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Southern storms kill more following weekend marked by severe weather

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TUPELO, Mississippi (CNN) — People in northern Mississippi and Alabama huddled in hallways and basements as a string of tornadoes ripped through their states Monday, a day after another line of storms killed 16 people to their west.

This video was taken in Tupelo, Mississippi on Monday, April 28, 2014, where a suspected tornado hit the north and west sides of the city. (Photo: Skip Talbot/KDR Media)

This video was taken in Tupelo, Mississippi on Monday, April 28, 2014, where a suspected tornado hit the north and west sides of the city. (Photo: Skip Talbot/KDR Media)

Two people were killed at a trailer park west of Athens, Alabama, on Monday, according to a post on the City of Athens Facebook page. Another person died in Richland, Mississippi, said Rankin County Emergency Management Director Bob Wedgeworth, bringing the storms’ overall death toll to 19.

Alabama Gov. Robert Bentley declared a state of emergency for all counties.

Mississippi Gov. Phil Bryant said the twisters inflicted “severe damage” around the town of Louisville, about 90 miles northeast of Jackson, and more around Tupelo. Winston Medical Center, Louisville’s major hospital, was among the buildings hit, Bryant told reporters.

“We have had early reports that the Winston Medical Center has received damage from a tornado. Walls are down. Some gas leak is occurring,” he said.

State emergency management chief Robert Latham said authorities were grappling with “multiple events over a wide part of the state,” and that more tornado warnings were expected.

“This is not over. It’s going to last on into the night,” he said.

State Health Director Jim Craig said hospitals in Winston County and in Tupelo had asked for assistance treating what were potentially a large number of injuries, but no numbers were available. There were no confirmed fatalities as of Monday evening, he said.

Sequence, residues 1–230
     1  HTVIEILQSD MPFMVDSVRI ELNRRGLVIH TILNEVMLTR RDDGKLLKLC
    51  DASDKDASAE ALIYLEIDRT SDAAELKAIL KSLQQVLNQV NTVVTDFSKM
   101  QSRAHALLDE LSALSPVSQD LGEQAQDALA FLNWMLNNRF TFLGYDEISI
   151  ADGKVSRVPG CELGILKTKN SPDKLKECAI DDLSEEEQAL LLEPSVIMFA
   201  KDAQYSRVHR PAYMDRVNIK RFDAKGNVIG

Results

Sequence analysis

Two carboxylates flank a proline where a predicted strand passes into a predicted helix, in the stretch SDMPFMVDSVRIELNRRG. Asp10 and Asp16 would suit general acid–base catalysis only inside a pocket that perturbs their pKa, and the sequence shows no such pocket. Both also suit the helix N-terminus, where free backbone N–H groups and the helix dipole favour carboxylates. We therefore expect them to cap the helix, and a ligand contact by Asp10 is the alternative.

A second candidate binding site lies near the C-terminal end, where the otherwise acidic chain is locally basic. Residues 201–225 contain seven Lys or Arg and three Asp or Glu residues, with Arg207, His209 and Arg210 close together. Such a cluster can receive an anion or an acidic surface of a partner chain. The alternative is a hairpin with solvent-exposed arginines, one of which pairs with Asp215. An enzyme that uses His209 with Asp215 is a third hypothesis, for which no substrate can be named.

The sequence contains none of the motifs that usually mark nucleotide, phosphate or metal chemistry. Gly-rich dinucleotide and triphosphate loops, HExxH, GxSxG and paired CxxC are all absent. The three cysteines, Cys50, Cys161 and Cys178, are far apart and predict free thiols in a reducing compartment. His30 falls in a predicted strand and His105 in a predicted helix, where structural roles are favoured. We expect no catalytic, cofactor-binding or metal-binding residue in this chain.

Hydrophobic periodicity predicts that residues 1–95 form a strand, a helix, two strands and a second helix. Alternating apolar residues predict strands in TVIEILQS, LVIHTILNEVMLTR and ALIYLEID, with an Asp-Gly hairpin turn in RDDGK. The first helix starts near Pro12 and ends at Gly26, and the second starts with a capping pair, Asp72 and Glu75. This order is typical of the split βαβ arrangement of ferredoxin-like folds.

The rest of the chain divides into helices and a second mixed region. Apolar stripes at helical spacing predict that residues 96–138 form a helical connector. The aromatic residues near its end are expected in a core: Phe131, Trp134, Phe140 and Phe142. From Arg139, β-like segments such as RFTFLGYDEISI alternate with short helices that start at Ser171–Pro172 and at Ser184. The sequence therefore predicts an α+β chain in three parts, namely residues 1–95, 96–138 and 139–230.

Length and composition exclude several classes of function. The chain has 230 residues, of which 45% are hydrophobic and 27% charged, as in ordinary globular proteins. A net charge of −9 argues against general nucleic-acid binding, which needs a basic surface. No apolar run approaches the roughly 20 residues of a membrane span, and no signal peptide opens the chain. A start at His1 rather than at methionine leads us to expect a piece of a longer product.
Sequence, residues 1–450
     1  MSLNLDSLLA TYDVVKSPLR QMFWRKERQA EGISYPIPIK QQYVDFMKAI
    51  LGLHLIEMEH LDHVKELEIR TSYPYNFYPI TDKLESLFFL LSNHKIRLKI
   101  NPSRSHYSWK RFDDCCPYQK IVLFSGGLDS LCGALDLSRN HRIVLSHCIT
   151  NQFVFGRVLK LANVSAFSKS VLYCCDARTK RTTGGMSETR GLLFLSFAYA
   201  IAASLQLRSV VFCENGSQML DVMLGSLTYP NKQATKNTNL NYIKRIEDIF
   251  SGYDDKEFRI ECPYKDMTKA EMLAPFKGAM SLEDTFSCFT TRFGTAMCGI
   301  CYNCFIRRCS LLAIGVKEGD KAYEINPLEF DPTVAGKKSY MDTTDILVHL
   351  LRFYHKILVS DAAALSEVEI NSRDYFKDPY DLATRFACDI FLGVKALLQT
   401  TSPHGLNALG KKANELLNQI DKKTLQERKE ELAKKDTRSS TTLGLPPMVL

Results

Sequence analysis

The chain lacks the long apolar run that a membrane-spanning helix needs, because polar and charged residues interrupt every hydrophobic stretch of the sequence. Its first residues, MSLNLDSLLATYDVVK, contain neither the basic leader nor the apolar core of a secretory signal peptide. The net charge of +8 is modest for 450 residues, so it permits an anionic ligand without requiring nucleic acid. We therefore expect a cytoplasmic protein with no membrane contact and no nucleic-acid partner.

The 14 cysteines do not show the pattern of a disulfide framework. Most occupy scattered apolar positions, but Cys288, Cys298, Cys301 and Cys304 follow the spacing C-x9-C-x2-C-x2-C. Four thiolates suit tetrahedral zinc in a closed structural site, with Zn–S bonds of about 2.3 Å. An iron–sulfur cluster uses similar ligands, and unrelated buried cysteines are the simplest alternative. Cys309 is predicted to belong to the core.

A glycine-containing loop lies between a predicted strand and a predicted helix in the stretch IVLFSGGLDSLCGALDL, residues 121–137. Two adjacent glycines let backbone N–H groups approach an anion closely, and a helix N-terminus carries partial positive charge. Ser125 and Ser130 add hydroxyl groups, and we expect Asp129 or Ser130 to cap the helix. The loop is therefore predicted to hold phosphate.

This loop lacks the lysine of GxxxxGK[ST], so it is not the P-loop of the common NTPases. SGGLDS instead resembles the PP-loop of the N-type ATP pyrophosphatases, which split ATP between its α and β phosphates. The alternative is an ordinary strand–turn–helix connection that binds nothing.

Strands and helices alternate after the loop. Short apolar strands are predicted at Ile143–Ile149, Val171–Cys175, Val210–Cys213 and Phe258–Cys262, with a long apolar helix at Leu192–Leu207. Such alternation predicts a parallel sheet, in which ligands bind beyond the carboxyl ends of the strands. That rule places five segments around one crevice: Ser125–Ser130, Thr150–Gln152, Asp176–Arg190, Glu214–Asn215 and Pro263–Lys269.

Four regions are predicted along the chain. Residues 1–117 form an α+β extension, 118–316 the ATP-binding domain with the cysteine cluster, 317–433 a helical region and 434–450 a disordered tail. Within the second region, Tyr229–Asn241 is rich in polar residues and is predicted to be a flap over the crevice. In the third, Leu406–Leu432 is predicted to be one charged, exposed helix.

The National Weather Service issued a tornado emergency warning for the area around Athens, Alabama, near the Tennessee state line, on Monday evening: “This is an extremely dangerous tornado. You could be killed if not underground or in a tornado shelter,” the warning stated.

A tornado emergency also was declared in southeastern Tennessee for east central Lincoln, Moore and northwest Franklin counties. Storm spotters were tracking a large and extremely dangerous tornado seven miles east of Fayetteville, Tennessee, the weather service.

In Tupelo, several buildings were destroyed or damaged. Buildings near a major commercial district on the city’s north side were “wiped away,” Scott Morris, a reporter for the Northeast Mississippi Daily Journal, told CNN’s “The Lead.”

Numerous trees and power lines were down, and “quite a few buildings are destroyed up there,” Morris said.

The National Weather Service’s Storm Prediction Center declared tornado emergencies for several counties in northern Mississippi on Monday afternoon as the line of storms moved through the state from southwest to northeast.

“Basement. Now … let’s go,” Matt Laubhan, the chief meteorologist at Tupelo television station WTVA, ordered station staff before walking off the set himself.

Sarah Robinson, a spokeswoman for the city, said several hotels and restaurants were damaged, but no fatalities or injuries had been reported in the immediate aftermath.

Another “large, violent and extremely dangerous” tornado had been confirmed near Zama, Mississippi, between Jackson and Tupelo. A twister possibly a mile wide was reported outside nearby Louisville about an hour later. Another tornado was spotted near Richland, south of Jackson. And yet one more was reported near Yazoo City, northwest of Jackson, four years after an April 2010 tornado that killed four people there and 10 across the state, said Joey Ward, Yazoo City’s emergency management director.

“It’s still hopefully very fresh on people’s minds, and that they take all of the warnings that we’ve been putting out all day very seriously,” Ward said.

Nearly 5 million people were at moderate risk of severe weather late Monday, while 31 million people were at slight risk, including those in Atlanta and Nashville.

Matt Smith and Michael Pearson reported and wrote from Atlanta. Martin Savidge reported from Tupelo, Mississippi. CNN’s Suzanne Presto, Dave Hennen, Devon Sayers, Joe Sutton, Ed Payne, Dave Alsup, Matthew Stucker, Catherine E. Shoichet and Sean Morris also contributed to this report.

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